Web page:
I’m 26, I Make $59K & My Gynecologist Calls With Not-Amazing News

Occupation: Editor
Industry: Public sector
Age: 26
Location: Luxembourg
Salary: $59,160 ($51,000 + 16% expatriation allowance)
Net Worth: $127,022.43 (US checking: $8,264.40; US savings: $6,015.53; EU checking: $61,609.61; US Vanguard: $41,132.89; I Bonds: $10,000. It’s ridiculous to have so much money in my EU checking account, but being an American abroad makes it basically impossible to invest euros in the EU. I need to convert all that money into dollars and invest it through my US brokerage account as though I still live there because doing anything else will make either the EU or the American government fuck up my life, and I just haven’t dealt with it yet.)
Debt: $0
Paycheck Amount (1x/month): $4,128 (after taxes and the deductions listed below)
Pronouns: She/her

Monthly Expenses
Rent: $918.54 (This is for my share of a three-bedroom apartment. We don’t have a living room, and this includes all utilities, internet, and a cleaner who comes once a week to clean the common spaces.)
Health Insurance: $72.18 (deducted)
Accident Insurance: $4.25 (deducted)
Pension: $428.82 (deducted)
Netflix & The Washington Post: $0 (I mooch off my mom.)
Criterion Channel & Apple Music: (I mooch off my dad.)
The New York Times: $0 (I mooch off my mom’s partner.)
Patreon for Another Screen: $8
Cork Simon Community Charity: $8.44
Mutual Aid Circle: $20

Annual Expenses
The European Review of Books: $73.83 (includes contribution to its kickstarter)
1Password: $38
Carte Avantage for SNCF (French trains): $52.74
Chase Sapphire Premium: $95

Was there an expectation for you to attend higher education? Did you participate in any form of higher education? If yes, how did you pay for it?
Absolutely. I don’t think my parents ever sat me down and said, “You must go to college,” but I never considered doing anything else. I was very academic and high achieving, and both my parents have graduate degrees. I paid for my expensive Ivy League education with a mix of scholarships, financial aid, and extremely generous help from my dad and my maternal grandma, who enabled me to graduate without debt. I got better financial aid than I expected during my last year so I was able to use the remaining money my grandma had set aside for me to fund a master’s in Europe (waaaay cheaper than doing it in the US).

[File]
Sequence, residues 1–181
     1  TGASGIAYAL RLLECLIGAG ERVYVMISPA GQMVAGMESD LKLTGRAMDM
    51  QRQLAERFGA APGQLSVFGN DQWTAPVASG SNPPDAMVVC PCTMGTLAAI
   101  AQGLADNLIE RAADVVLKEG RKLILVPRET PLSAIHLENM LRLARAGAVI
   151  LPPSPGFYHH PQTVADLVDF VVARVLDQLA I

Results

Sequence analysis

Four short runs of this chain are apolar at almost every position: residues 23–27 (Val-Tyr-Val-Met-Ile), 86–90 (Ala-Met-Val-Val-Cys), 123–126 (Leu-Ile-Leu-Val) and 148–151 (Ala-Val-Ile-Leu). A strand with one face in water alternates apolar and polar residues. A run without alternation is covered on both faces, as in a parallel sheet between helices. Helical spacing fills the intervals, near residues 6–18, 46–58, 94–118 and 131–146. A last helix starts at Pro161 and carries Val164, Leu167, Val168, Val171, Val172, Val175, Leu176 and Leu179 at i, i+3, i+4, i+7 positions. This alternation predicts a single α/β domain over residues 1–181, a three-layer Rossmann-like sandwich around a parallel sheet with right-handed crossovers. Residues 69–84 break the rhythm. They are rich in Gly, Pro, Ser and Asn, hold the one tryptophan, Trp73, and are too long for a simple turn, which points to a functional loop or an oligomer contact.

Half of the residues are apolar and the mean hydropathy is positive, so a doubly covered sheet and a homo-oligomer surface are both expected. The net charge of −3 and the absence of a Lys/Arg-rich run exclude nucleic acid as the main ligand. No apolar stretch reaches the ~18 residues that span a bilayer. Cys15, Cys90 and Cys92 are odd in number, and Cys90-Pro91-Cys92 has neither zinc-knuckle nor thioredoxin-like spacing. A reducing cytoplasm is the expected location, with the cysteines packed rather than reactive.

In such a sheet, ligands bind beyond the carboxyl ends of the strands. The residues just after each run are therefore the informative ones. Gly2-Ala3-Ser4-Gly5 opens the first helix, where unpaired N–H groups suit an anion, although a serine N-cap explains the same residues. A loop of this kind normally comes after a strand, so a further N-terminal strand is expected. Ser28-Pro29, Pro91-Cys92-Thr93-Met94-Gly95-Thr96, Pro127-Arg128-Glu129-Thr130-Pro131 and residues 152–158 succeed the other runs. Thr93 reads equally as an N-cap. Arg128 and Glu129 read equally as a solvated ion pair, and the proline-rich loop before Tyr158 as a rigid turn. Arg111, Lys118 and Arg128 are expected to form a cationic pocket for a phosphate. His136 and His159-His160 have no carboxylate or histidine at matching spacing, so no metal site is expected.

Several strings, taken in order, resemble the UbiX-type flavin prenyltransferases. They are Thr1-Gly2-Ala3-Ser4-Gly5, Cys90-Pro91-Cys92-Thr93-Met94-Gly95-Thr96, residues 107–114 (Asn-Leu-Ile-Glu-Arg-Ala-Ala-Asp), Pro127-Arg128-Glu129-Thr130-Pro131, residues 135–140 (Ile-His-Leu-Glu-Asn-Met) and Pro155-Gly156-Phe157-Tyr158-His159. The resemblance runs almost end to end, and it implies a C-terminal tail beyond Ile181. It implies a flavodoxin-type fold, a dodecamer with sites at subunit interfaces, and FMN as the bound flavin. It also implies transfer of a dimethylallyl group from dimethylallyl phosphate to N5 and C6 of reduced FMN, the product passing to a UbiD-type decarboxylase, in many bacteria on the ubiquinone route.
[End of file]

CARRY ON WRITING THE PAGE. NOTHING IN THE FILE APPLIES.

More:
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Growing up, what kind of conversations did you have about money? Did your parent(s)/guardian(s) educate you about finances?
Both my parents are very frugal, especially after my parents got divorced. They talked to me and my brother about their relative lack of money compared to before the divorce. My mom was big on financial literacy in general throughout my childhood. She made us learn how to balance a checkbook (not a skill that has ended up being very useful, but it’s the thought that counts), she talked to us about budgeting, and she made sure we always compared unit prices at the grocery store. We got an allowance growing up (split into four categories: savings (20%); short-term spending (35%); long-term spending (35%); and charity (10%), and she taxed it. The taxes went into a communal fund to pay for things for the “community” (mostly family trips to the movies). We were not raised as libertarians, in short.

What was your first job and why did you get it?
I think it was babysitting and cat-sitting as a young teen. The summer before my last year of high school, I had multiple W-2 jobs: I did an internship at Microsoft through a summer employment program for teens and I worked two different jobs (with two different pay grades) simultaneously at the library, where my mom worked. I mostly started working because I felt like I should. I was kind of an obsessive saver so I wasn’t very motivated to spend money.

Did you worry about money growing up?
No. Even if there were times that my parents had less disposable income (my dad was broke for a while, but in the asset-poor kind of way), there was never any worry about the basic necessities.

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Do you worry about money now?
Not really, but I should probably be doing more medium-to-long-term planning. As I mentioned in my net worth section, I have way too much cash sitting in my EU checking account because I was overwhelmed with figuring out exactly what I was allowed to do with it. I still haven’t gotten my act together, but I have somewhat of a plan now. If I stay in Luxembourg, I will never be able to afford to buy an apartment, so that’s a vague concern, but I don’t want to stay here long term so I’m not actively worrying about that right now.

At what age did you become financially responsible for yourself and do you have a financial safety net?
I paid my own rent starting from the second half of my master’s, so since I was almost 23. I had been buying all my own groceries and that kind of thing since I started undergrad.

Do you or have you ever received passive or inherited income? If yes, please explain.
I have received generous help from my family on many occasions, particularly with college tuition. Other than that, my mom set up a Vanguard fund for me as a kid. She put all monetary birthday gifts and that sort of thing into it. That’s not “inherited income,” but it did set me up with a decent investment account from the time I took it over at age 18.

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